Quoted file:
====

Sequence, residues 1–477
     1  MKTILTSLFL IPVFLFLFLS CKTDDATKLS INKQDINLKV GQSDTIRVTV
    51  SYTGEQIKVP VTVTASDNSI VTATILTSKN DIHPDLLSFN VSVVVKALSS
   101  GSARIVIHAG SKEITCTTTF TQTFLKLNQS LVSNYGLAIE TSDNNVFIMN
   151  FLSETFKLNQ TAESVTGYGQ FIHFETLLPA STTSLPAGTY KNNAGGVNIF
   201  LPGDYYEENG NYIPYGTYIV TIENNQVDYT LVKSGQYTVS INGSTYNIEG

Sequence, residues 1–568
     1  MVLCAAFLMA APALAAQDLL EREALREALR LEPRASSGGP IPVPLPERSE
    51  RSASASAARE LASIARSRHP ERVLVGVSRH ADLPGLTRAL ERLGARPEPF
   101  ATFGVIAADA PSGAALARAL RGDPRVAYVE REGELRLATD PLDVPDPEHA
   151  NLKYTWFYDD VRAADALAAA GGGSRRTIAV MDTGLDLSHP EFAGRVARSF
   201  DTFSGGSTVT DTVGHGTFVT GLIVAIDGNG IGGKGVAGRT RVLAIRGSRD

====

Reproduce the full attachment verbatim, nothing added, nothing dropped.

Sequence, residues 1–477
     1  MKTILTSLFL IPVFLFLFLS CKTDDATKLS INKQDINLKV GQSDTIRVTV
    51  SYTGEQIKVP VTVTASDNSI VTATILTSKN DIHPDLLSFN VSVVVKALSS
   101  GSARIVIHAG SKEITCTTTF TQTFLKLNQS LVSNYGLAIE TSDNNVFIMN
   151  FLSETFKLNQ TAESVTGYGQ FIHFETLLPA STTSLPAGTY KNNAGGVNIF
   201  LPGDYYEENG NYIPYGTYIV TIENNQVDYT LVKSGQYTVS INGSTYNIEG

Sequence, residues 1–568
     1  MVLCAAFLMA APALAAQDLL EREALREALR LEPRASSGGP IPVPLPERSE
    51  RSASASAARE LASIARSRHP ERVLVGVSRH ADLPGLTRAL ERLGARPEPF
   101  ATFGVIAADA PSGAALARAL RGDPRVAYVE REGELRLATD PLDVPDPEHA
   151  NLKYTWFYDD VRAADALAAA GGGSRRTIAV MDTGLDLSHP EFAGRVARSF
   201  DTFSGGSTVT DTVGHGTFVT GLIVAIDGNG IGGKGVAGRT RVLAIRGSRD